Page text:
To allow the future modification of code without rewriting or recompiling it

To add a known delay

To deal with hazards and sequencing problems in pipelines

To enforce the order of execution of sequences of instructions (to prevent out-of-order execution changing the meaning of code).

To align code/data on an appropriate boundary

To synchronize events

Not all NOPs are equal, and it was this thought that drove me to write this note. The MIPS RISC has a NOP. However, on closer examination, the NOPs is really a pseudo-operation. So, in order to do nothing, the MIPS processor does a different nothing to the same effect, since all nothings are the same. Or are they?

When you write NOP in MIPS code it is translated to ssl $r0,$r0,0 which means shift register r0 left zero places and put the result in $r0. Since $r0 is hardwired to zero, this instruction has no effect and can be treated as a no operation. Moreover, since the numeric value for this is 0x00000000 (all zeros) it means that non-initialized memory will be treated as NOPs. However, such NOPs are accidental, they were not put there by a programmer but are being executed because an error has occurred and the processor is responding by merrily skipping through a field of NOPs.

ARM code can use   ANDEQ r0,r0,r0 which has an all zeros op-code like MIPS or  mov r0,r0 which is encoded as 0xE1A00000.

I feel that a true NOP should have a unique op-code. Moreover, it should, ideally, have a parameter that is ignored by the processor but which can be used when either tracing the code or debugging the system.

The most intriguing NOP I ever encountered was the Itanium NOP, for two reasons. First, the Itanium is a VLIW processor and bundles of instructions are executed in parallel. The instructions of a bungle to be executed are selected by the programmer or assembler/compiler.  In Itanium assembly language a suffix can be assigned to an operation to define which of the parallel using is going to handle it (e.g., memory, integer, floating-point). The NOP can be processed either by an integer unit or by a memory unit.’ For example; NOP.i would be executed by the integer unit and NOP.m would be executed by the memory unit. It’s really like deciding who gets to feed an invisible friend.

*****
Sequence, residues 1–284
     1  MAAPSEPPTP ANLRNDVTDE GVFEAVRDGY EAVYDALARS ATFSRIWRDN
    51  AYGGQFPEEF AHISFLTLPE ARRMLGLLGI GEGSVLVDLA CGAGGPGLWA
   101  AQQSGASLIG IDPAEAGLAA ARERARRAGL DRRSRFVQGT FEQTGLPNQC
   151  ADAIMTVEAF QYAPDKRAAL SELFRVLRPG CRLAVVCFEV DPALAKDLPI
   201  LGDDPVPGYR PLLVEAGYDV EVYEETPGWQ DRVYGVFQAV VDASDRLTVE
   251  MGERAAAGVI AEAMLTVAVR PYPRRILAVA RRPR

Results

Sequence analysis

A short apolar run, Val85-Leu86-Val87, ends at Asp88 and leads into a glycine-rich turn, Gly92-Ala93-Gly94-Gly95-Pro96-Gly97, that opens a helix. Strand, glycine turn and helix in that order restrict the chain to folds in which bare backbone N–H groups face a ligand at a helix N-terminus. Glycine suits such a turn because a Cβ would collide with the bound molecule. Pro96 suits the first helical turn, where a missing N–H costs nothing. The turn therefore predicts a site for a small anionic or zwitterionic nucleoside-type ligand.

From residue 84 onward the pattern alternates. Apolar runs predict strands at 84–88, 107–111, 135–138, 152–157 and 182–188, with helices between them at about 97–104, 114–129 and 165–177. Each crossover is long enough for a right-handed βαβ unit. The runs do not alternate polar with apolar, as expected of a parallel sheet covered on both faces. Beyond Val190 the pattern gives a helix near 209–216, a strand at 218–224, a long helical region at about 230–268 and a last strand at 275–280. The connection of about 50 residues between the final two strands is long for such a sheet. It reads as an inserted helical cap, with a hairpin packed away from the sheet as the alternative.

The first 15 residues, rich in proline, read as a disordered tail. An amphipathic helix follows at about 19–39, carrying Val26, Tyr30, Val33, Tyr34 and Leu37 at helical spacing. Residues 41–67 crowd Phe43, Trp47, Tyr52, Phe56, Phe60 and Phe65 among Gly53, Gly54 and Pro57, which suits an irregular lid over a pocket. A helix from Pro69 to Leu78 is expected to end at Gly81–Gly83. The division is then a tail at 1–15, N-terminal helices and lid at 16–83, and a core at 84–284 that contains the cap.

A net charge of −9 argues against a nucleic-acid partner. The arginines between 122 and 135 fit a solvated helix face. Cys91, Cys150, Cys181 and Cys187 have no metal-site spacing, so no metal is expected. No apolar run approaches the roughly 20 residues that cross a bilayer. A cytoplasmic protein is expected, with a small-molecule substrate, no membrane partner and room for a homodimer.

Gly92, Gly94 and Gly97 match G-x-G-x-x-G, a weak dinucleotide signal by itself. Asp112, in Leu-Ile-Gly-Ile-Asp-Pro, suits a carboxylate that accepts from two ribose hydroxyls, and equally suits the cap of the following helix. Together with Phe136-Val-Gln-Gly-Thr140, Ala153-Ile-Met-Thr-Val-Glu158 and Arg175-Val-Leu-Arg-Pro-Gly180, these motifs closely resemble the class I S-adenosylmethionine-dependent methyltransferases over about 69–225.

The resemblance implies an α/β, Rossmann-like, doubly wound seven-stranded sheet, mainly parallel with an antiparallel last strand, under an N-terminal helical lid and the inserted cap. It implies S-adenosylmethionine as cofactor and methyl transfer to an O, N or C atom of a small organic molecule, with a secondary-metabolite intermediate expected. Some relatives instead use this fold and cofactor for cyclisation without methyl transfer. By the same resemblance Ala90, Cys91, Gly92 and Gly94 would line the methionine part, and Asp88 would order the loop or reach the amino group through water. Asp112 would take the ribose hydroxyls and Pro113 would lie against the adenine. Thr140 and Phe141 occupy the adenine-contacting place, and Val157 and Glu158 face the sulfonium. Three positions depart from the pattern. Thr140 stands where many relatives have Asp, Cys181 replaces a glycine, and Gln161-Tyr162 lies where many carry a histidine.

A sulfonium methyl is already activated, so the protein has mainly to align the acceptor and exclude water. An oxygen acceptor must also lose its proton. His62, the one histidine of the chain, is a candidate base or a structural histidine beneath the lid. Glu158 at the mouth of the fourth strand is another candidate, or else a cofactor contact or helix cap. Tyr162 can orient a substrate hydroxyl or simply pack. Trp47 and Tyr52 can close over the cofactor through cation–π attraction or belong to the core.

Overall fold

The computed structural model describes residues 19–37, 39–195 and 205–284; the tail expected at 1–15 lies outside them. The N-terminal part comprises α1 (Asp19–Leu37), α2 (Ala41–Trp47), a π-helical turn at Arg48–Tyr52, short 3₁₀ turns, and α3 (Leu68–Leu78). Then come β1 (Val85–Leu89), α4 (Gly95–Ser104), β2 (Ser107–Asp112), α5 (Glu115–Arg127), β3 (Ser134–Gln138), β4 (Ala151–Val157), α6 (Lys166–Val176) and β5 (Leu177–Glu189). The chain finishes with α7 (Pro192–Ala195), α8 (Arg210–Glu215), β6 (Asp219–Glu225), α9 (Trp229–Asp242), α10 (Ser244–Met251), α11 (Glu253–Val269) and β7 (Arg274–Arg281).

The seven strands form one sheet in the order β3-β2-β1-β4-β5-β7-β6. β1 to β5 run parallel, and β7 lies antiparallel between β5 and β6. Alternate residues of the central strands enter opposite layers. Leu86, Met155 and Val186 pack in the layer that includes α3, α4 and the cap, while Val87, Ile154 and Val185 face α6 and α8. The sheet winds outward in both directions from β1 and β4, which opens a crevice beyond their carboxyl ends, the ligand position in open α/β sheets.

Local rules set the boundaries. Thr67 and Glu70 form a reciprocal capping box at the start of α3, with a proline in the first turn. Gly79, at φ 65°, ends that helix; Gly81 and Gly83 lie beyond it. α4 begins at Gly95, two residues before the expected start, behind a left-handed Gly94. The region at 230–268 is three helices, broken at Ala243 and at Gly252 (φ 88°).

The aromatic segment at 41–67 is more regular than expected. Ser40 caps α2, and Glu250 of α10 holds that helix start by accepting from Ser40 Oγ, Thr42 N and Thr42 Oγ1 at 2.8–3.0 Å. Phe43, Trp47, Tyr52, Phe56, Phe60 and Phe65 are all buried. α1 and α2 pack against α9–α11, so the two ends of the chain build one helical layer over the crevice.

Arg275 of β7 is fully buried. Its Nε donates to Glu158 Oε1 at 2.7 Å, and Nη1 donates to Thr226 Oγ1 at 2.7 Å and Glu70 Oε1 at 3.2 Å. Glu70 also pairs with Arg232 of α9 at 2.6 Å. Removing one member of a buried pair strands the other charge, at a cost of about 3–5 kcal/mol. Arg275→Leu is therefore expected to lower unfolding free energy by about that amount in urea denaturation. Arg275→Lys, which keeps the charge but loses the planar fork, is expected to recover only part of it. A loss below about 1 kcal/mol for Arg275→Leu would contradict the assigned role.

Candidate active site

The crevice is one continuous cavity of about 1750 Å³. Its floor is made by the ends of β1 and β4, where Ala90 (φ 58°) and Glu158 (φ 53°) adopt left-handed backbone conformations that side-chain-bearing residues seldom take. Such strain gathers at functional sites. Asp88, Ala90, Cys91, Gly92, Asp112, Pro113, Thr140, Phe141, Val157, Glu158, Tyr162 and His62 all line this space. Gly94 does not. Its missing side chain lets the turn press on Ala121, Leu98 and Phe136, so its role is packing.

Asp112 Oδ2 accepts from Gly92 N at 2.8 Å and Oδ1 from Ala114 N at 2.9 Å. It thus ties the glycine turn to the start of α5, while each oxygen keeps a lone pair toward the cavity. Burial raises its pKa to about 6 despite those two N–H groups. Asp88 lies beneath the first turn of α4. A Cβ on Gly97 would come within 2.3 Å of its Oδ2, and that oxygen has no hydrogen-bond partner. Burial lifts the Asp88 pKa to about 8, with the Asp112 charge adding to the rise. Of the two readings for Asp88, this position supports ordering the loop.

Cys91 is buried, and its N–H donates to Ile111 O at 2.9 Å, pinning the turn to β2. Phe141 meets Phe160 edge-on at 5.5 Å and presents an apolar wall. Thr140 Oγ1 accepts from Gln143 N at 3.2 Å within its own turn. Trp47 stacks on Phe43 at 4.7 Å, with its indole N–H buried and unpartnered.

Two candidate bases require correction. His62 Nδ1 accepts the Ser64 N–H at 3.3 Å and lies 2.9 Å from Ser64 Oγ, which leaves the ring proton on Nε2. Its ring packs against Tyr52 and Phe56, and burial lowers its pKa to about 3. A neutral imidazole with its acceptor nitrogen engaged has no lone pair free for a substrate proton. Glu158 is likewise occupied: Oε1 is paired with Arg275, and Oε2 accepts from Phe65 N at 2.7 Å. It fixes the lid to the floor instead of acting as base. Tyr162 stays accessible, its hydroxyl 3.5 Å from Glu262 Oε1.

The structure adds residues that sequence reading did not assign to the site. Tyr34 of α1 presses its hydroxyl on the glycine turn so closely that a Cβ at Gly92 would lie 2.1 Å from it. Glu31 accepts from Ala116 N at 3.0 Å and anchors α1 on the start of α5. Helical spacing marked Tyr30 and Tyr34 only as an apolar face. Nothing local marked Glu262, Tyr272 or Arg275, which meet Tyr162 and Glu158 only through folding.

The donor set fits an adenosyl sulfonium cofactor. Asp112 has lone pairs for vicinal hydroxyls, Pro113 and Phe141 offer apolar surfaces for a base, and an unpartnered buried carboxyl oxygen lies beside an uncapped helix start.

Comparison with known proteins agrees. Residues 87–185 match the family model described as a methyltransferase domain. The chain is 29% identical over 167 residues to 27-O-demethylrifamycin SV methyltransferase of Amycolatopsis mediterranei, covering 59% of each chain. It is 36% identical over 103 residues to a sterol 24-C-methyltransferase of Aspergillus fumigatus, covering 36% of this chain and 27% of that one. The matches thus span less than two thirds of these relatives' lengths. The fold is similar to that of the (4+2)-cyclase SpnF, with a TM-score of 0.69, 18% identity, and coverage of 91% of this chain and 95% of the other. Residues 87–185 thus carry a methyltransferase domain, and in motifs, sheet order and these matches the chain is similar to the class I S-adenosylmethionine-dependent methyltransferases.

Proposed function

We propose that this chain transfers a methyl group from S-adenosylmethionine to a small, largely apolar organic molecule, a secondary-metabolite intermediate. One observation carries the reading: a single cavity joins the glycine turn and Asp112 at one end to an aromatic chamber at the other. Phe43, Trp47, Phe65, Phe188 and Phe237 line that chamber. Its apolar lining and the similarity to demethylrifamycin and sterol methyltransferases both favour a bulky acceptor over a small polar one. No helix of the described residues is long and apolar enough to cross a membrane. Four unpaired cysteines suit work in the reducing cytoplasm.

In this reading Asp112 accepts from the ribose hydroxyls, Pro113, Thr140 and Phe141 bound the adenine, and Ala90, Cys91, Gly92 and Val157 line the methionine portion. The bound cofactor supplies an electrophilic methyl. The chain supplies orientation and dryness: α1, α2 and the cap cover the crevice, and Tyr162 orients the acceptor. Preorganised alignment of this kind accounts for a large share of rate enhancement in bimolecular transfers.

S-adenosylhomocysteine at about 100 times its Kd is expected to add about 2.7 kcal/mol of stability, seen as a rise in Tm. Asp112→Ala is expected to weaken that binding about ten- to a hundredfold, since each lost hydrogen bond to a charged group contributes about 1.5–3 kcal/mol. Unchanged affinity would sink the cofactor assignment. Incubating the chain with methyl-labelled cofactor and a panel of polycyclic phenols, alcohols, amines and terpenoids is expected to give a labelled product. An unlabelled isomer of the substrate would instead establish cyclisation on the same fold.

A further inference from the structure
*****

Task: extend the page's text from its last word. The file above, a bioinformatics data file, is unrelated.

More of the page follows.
An even more fascinating concept arises in the case of predicated processors like the ARM and Itanium. Consider the ARM predicated form of the no operation and NOPNE. When this instruction is decoded and sent for execution, the predication marker, NE, signifies not zero. So, if the previous condition code was zero, the predicated instruction is not executed. If the previous condition code was not zero, the NOP is executed ad nothing happens.

Finally, what is the perfect NOP? Apart from having its intended effect (incrementing the PC) and leaving the processor status unmodified, it should have a unique op-code that will never change in future generations of the processor and, ideally, a user-defined field that can be detected in memory dumps during debugging and tracing.